When the decision had been made to home school using primarily project based learning, Gary and I had to decide whether we wanted to include the little two. Could they join in, learning the same subject matter as the older children, or should we allow them to choose a project just for themselves? I had a chat with both A5 and B3. B3 didn’t have a clue what I was talking about but soon caught onto A5’s enthusiasm. A5, however, understood immediately and knew exactly what she wanted to learn about. Bugs. She had a stack of ideas for resources as well. I wasn’t sure if project based learning would work for the little ones, but just that short chat with my five-year old showed me she was more than old enough to cope with it.
The Bug Adventure Box
We have used adventure boxes for years now, even with my older three it is a very effective way of building excitement. This time, though, the box could double up as a potential bug home, negating my need to buy a purpose-built one, which I did actually contemplate!
It took me a few weeks from the topic conception to creating enough ideas for 6 weeks worth of project work, but once done I was pleased I’d made the effort. The look of excitement when I showed the little two their new ‘adventure’ box was priceless:
So what did I include?
Bug Dress Up
Non fiction Books
- Age appropriate
- Picture rich
- Easy, understandable text
Bug Studying Equipment
- The actual box all the project related stuff came in will be reused and turned into a bug home
- They have a bug catching net and will also have lots of jam jars available to them for catching bugs, both flying and non flying
- I bought them a bug specimen viewing jar each, which allows the children to see both the upper side and underneath side of the bugs magnified.
- Eric Carle has some insect related books which are perfect for both 3 and 5 year olds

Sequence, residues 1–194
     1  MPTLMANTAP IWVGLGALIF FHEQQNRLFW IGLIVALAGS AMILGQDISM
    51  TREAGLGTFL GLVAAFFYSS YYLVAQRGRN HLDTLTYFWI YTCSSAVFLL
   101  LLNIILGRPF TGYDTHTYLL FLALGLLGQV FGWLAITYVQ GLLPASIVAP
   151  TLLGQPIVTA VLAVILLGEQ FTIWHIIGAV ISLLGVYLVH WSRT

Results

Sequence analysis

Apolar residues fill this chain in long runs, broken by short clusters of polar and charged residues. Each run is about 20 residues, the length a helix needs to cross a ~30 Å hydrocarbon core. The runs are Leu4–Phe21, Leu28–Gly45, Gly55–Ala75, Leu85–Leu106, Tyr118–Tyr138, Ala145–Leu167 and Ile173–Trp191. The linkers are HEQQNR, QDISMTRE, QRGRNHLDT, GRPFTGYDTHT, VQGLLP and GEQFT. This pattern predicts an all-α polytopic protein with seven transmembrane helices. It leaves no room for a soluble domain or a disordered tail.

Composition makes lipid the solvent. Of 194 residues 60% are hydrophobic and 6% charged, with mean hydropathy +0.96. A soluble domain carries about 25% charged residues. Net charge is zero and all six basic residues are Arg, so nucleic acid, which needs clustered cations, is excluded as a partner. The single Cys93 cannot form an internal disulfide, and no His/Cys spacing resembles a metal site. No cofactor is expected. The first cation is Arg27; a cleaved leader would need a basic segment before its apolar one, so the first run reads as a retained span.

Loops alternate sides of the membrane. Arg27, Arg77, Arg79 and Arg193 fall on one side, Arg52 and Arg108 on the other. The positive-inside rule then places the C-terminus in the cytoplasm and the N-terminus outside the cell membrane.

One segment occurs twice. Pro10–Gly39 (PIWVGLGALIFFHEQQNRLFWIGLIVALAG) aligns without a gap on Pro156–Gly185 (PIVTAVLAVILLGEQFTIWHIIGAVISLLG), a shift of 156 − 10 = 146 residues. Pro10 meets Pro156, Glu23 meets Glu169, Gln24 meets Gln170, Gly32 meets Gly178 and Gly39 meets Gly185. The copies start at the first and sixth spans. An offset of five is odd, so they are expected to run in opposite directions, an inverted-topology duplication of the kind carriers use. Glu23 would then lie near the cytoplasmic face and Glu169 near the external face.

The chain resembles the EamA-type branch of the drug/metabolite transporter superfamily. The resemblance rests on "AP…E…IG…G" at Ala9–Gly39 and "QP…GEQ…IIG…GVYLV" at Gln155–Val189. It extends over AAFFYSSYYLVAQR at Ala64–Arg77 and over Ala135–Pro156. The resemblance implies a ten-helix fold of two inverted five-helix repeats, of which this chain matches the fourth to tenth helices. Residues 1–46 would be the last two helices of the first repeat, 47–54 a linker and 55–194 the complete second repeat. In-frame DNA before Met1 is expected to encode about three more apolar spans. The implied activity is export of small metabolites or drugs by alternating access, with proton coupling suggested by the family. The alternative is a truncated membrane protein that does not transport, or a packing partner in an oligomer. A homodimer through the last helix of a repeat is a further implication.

- I chose books we had around the house that I knew would keep their interest for the full six weeks.
- I tried to choose books with lots of accurate pictures and which had a lot of factual content as well
- As we had used BFIAR I knew I wanted to include some FIAR books in with whatever I did with the younger children
- I chose Truman’s Aunt farm because first it is a play on the words ant farm and is all about Truman trying to meet the needs of the Aunts who kept arriving on his doorstep to be looked after. In a similar vein, the little boy in Salamander Room tries to recreate the perfect environment for his pet Salamander. Whilst we are doing bugs, not amphibians, I still felt his thought process of what his pet needed was just a perfect way to teach my girls to think about the needs of their ‘Bug pets’ and hopefully help them to create the perfect home from home for them inside their box.
- Being a bibliophile through and through, it seemed natural to expand our collection of activity books
- The 1001 bugs to spot was a huge, huge hit with A5. Really, she could spend hours on each page looking for all the bugs and asking their names. It is a really good book for doing alongside your child.
- The sticker books were bought primarily with B3 in mind. She loves to stick stickers and I hope she will learn lots just from me reading out about each bug she sticks. I bought one each for the girls to stop arguing.
- The book at the top contains 365 art lessons/things to draw and has many chapters on bug drawing, butterfly printing and so forth. A great resource we just had lying around the house.
- We also own a fun Eric Carle sticker and activity book which will be available on rainy days
Bug related activities
- I chose to include a few indoor activities just in case the weather is wet and horrible which isn’t unheard of in the UK
- Magnetic bug catching puzzle. B3 loves this puzzle, which we had used frequently throughout our BFIAR studies.
- Hungry Little Caterpillar Dominoes. These are picture dominoes and both girls can play.
- Eric Carle threading set to improve fine motor skills and as a pre-sewing activity for A5
- Bug painting by numbers to help increase number recognition for B3
- Finger printing bug kit – an inexpensive but perfect art kit for independent use
- Age appropriate
- Fun and loosely related to topic (!)
- Use as a Friday reward for working hard at their project work
I will be interested to see how well project based learning will work for the younger two, in particular I am looking forward to finding out if studying one interest for 6 weeks will hold the attention of my very low attention spanned five-year old.